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Volume 3, Number 5              March 2 - 8, 2003            Quezon City, Philippines







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The Hypocrisy of the Humanitarian Case for War 

By Amin Saikal
The Age

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The American, British and Australian Governments are pressing for an invasion of Iraq to overthrow Saddam Hussein's regime "for the sake of humanity". It is a pity the same standard is not applied to end the plight of the Palestinian people.

No wonder the humanitarian argument is not persuasive, especially among Arabs and Muslims.

The leaders of "the coalition of the willing" are right to highlight the brutal aspects of Saddam's regime. His regime is indisputably abominable. But it is unfortunate they remained silent on this issue for so long.

Saddam has been in power for nearly 35 years. Despite his repressive measures at home and aggression against Iraq's neighbors Iran and Kuwait, no leader in the West had until the past few weeks firmly invoked the Iraqi dictator's inhumanity as the reason to get rid of him.

Even after Saddam's August 1990 invasion of Kuwait and the successful US-led military campaign against that invasion six months later, Washington, London and Canberra never issued a policy statement identifying considerations of humanity, or "liberation of the Iraqi people" as a principal basis for action.

Humanity and ethics did not enter their calculations in doing lucrative trade with Saddam's regime. They essentially adhered to an old and crudely "realist" dictum - "no morality in world politics".

They showed little leniency towards those victims of Saddam's repression who ended up on their shores in search of asylum.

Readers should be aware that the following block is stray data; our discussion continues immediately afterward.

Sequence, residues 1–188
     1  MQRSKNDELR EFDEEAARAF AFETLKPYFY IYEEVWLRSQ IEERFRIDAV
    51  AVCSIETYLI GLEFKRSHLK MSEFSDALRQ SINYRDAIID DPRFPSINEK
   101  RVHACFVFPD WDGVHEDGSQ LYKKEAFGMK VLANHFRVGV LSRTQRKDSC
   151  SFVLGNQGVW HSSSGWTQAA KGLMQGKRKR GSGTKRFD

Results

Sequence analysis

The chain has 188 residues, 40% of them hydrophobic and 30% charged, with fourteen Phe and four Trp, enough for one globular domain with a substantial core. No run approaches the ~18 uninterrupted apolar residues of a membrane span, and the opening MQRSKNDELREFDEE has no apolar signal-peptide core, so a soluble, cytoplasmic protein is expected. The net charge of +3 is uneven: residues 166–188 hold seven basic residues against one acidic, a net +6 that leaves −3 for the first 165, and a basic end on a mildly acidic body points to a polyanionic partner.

Their sudden emphasis on humanity tallies neither with their past behavior towards the Iraqi dictator nor with the fact that they have close relations with many other dictatorships. None of the members of the coalition of the willing has had much to say about massive human rights violations in Saudi Arabia or Pakistan or Libya.

Indeed, Libya's Colonel Muammar Gaddafi has recently been rehabilitated by Canberra and London.

The condemnation of Saddam on humanitarian grounds is also in stark contrast with the silence the governments of the coalition of the willing have maintained over Israel's brutalities against the Palestinian people.

None of these governments has ever forthrightly condemned Israel's colonial occupation of Palestinian lands and use of military power against mostly unarmed and defenseless Palestinian people.

They have often expressed abhorrence at Palestinian suicide bombings, but have never matched this with an _expression of disgust at Israel's widespread and often indiscriminate brutalities, subjecting the Palestinian people to individual and collective punishment.

The excuse often advanced is that Israel is, after all, a democracy. But it is never admitted that democracies do not always produce good leaders. Israeli democracy has produced Prime Minister Ariel Sharon, who has never deviated from his long-held goal of suppressing the Palestinians and humiliating the Arabs. While Sharon has come under investigation for war crimes against the Palestinians, President George Bush has declared him to be "a man of peace".

Arabs and Muslims in particular, and the international community in general, have reason to remain very skeptical of the recent emphasis on humanity as a base for acting against Saddam.

There are many peoples other than Iraqis who are also crying for freedom against oppressive regimes. But they should not expect their cries to be answered unless they either have economic and geostrategic importance, like Iraq, or become a direct menace to the US and its willing allies, as Afghanistan did under the Taliban.

Amin Saikal is professor of political science and director of the Center for Arab and Islamic Studies at the Australian National University in Canberra.

Copyright 2003 The Age Company Ltd

February 24, 2003

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